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Oil Glut Sends Baker International to Third Fiscal Quarter Loss

July 24, 1986|LESLIE BERKMAN

Reeling from declining oil prices, Baker International Corp. said Wednesday that it suffered a third fiscal quarter loss of $11.68 million, despite a one-time gain of $5 million from the canceling of its company pension plan.

By contrast, Orange-based Baker posted a $23-million net profit in the third quarter of 1985.

Revenues for the third quarter, ended June 30, also took a dive, declining 26.2% to $348 million from $471.5 million for the same quarter a year ago.

In the first nine months of Baker's 1986 fiscal year, the company sustained a loss of $250 million, contrasted with net income of $61.7 million a year earlier. Nine-month revenues totaled $1.2 billion, down from $1.4 billion.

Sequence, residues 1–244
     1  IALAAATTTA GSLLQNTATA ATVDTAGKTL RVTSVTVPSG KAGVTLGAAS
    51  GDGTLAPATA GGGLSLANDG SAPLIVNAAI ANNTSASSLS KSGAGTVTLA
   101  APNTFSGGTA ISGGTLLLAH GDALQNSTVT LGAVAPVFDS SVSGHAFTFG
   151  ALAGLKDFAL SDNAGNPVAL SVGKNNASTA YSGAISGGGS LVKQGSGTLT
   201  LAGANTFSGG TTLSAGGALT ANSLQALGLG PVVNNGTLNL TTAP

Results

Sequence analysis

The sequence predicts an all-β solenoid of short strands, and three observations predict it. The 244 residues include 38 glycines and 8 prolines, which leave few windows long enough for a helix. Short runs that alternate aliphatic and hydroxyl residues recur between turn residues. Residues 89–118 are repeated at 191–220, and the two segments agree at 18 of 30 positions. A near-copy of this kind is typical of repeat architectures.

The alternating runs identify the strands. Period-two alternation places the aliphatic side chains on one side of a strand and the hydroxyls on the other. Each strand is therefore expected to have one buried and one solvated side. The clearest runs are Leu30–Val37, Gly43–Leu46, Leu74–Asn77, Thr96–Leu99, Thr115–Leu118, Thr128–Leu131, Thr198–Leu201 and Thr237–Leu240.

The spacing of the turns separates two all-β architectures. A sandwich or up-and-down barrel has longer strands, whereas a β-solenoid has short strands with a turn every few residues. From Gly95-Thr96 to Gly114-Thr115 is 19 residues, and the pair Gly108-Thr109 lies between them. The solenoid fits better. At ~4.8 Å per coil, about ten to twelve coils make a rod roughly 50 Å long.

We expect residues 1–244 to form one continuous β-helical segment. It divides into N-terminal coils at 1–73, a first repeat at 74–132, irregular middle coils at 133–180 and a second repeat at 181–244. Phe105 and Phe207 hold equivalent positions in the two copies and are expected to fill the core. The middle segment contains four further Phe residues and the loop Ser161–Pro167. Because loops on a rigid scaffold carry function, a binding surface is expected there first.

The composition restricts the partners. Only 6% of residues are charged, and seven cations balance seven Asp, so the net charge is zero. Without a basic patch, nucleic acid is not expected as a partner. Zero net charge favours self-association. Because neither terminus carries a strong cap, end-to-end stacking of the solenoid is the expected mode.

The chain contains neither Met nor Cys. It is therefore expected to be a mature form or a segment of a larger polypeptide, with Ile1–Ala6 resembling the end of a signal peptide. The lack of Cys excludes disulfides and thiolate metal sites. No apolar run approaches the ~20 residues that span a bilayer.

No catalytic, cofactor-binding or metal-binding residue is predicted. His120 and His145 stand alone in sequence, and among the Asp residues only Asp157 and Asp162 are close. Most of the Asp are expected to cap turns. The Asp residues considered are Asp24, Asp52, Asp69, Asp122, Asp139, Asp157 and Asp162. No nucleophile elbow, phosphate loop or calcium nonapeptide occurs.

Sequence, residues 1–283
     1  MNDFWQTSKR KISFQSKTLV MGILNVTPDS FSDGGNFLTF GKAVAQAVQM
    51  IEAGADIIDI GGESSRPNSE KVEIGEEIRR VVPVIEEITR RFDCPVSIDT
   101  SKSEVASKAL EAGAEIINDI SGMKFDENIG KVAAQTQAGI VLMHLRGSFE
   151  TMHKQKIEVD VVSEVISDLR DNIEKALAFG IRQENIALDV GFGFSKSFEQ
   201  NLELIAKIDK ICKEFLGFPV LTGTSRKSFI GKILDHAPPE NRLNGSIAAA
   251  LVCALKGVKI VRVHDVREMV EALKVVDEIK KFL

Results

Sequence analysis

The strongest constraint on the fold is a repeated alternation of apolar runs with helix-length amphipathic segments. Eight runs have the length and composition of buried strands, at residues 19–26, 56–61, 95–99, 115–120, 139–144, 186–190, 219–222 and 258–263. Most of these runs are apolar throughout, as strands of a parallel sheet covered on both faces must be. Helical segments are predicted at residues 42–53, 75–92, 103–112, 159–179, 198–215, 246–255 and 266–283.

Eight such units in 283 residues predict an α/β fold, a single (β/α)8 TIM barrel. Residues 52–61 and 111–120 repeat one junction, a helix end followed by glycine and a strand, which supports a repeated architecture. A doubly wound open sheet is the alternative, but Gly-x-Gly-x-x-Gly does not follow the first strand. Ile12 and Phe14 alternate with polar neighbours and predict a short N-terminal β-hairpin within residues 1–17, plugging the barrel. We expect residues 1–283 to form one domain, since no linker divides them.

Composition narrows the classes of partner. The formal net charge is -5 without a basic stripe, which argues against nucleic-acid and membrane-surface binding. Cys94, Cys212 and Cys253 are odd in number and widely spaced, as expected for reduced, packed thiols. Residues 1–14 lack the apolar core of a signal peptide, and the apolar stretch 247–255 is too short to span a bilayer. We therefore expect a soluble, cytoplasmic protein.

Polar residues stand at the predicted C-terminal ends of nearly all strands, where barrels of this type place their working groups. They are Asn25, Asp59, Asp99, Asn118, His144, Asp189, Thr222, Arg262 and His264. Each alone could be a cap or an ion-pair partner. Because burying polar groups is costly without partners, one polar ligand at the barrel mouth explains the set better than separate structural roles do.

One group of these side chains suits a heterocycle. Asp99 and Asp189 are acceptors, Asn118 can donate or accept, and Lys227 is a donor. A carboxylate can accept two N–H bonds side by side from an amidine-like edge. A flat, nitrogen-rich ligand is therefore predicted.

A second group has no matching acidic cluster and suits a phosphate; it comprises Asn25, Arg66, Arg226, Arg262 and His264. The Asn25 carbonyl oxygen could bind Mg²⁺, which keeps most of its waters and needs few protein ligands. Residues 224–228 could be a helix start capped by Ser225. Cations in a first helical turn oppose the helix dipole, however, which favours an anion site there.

The company reported a $254.9 million loss in its second fiscal quarter because of a $340-million writedown of corporate assets.

Ronald Turner, Baker's chief financial officer, said he did not believe that Baker will do "any better" in the current fiscal quarter. The third quarter loss represents the first operating loss in Baker's history.

Turner would not speculate further into the future, saying a lot will depend on whether the OPEC nations can unite to firm up oil prices.

Over the past year, Baker has laid off about 5,000 workers worldwide, leaving a total work force of 15,000.

Turner said he expects more layoffs later this year "because the outlook continues to be extraordinarily bad." He insisted, however, that "Baker isn't in any threat of going out of businesses" because of the company's substantial assets.

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